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volume 9 number 7 july 2004 TipSheet

Welcome to the July issue of MicroMetric's TipSheet.

This monthly newsletter is targeted at addressing the needs of our customers.

This month we'll continue a series of tips on Windows XP.


Current notebooks running Windows XP let you expand your desktop space by connecting an external monitor. The notebook LCD and external monitor work together, letting you view the same desktop on each, or different desktops, or an expanded desktop that stretches across the two displays.

First, connect the second monitor to your laptop. Then right-click on your desktop and select the Settings tab. You should see icons for two monitors. Right-click on Monitor 2 and click on Attached. Use the slider to adjust the resolution.

Right-click again on Monitor 2, click on Properties, select Monitor, and adjust the refresh rate. It defaults to a flickery 60 Hz, the same as the LCD panel. Try a higher refresh�say 75 Hz�then click on OK. Finally, click and drag the Monitor icon to match how you have the notebook and monitor arranged.


Work files are often stored on an office LAN. Windows makes it easy to take files with you and make sure you are working on the most recent versions.

Click on Start | My Computer | Tools | Folder Options | the Offline Files tab | Enable Offline Files, and choose How and when you synchronize (for example, at log-on, at log-off, or hourly). Choose a folder you want synchronized onto your notebook by right-clicking on it; click on Make Available Offline, then follow the Offline Files wizard.


Careful use of power management tools and decreasing screen brightness can stretch battery life by 30 to 45 minutes. Go to the Control Panel and open Power Options. You'll see half a dozen tabs (the layout varies slightly among notebooks). Make sure that your notebook can go into Standby mode (in the Power Schemes tab), meaning that the system stops most activity and uses the battery to refresh system memory.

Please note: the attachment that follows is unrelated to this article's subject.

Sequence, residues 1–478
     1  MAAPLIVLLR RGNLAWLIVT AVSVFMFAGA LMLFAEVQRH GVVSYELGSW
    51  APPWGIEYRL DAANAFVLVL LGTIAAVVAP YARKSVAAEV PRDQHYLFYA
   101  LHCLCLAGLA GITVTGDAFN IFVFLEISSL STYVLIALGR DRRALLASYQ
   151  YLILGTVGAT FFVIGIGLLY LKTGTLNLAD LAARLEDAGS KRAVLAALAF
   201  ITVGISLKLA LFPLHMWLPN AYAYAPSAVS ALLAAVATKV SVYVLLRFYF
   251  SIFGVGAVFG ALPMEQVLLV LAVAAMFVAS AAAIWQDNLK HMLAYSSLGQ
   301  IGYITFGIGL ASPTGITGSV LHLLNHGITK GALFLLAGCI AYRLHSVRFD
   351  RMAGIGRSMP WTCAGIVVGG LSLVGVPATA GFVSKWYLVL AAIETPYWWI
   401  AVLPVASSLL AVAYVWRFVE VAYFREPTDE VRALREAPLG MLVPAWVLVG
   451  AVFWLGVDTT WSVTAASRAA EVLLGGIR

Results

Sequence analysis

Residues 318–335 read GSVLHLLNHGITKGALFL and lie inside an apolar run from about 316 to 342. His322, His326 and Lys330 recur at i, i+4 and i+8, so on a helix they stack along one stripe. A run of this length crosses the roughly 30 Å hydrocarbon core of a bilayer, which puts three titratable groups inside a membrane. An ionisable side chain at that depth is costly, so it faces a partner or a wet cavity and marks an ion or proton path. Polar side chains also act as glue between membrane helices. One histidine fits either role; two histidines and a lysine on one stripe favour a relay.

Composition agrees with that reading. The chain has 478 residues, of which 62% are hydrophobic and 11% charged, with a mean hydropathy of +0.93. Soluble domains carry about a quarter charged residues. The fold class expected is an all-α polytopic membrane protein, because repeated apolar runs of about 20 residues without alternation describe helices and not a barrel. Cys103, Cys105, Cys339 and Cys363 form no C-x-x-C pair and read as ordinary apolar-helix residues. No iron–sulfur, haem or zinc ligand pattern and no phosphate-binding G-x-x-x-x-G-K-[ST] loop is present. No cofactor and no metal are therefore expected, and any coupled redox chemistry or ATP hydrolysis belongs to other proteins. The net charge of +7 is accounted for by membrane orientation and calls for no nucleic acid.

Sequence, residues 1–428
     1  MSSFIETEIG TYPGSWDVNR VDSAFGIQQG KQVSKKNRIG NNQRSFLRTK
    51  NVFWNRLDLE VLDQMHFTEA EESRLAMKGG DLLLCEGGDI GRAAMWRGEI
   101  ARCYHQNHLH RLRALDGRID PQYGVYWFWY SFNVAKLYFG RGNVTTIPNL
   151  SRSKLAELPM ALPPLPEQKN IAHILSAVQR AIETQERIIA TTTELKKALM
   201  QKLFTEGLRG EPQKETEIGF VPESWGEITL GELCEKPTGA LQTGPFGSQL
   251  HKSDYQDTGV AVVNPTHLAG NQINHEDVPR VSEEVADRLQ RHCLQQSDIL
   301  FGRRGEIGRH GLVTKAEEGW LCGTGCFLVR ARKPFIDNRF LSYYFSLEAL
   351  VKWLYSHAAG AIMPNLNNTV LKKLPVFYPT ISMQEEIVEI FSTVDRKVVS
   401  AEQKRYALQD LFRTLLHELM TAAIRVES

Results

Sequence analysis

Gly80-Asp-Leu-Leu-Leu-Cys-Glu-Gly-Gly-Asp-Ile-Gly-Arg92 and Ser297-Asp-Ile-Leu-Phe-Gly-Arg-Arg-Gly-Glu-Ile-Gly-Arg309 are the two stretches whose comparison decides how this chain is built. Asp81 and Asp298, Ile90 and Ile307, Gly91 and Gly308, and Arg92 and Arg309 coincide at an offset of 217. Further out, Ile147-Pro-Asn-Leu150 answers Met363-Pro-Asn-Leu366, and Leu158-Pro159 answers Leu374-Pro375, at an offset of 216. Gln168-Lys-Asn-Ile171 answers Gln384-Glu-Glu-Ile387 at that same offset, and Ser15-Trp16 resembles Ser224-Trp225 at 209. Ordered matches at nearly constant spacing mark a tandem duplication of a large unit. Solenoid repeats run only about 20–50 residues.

A computer in Standby loses 10 to 15 percent of its charge each day. You should set your system to go into Hibernate mode after Standby, meaning that it writes an image of the memory contents to the hard drive and then shuts down. (Windows 98 doesn't offer Hibernate.) In Hibernate, there's no loss beyond the battery's own gradual discharge.


If you use wireless Ethernet in the office and in a second location, such as your home or a remote office, one configuration may work for both. Windows XP usually auto-detects and connects to available wireless LANs.

If you need to enable the Zero Config Wi-Fi, click Control Panel | My Network Connections | View Network Connections. Right-click on the Local Area Connection (Wireless) and click Properties | TCP/IP. Under the General tab, make sure Obtain an IP address automatically is checked. Then go to the Wireless Networking tab and check Use Windows to configure my wireless network settings. Click on Advanced, and check for access to Any available network. If you need specific settings for a second location, go to the Alternate Configuration tab to enter settings for that location.


Being mobile exposes you to additional dangers, especially if you use wireless networking. Here are some pointers for improving your security.

In the Control Panel's Power Options menu, go to the Advanced tab and check on the box Prompt for password when computer resumes from standby.

Copyright 2004, MicroMetric, Inc., All Rights Reserved. Permission to copy in total, with this statement and copyright, is hereby granted.

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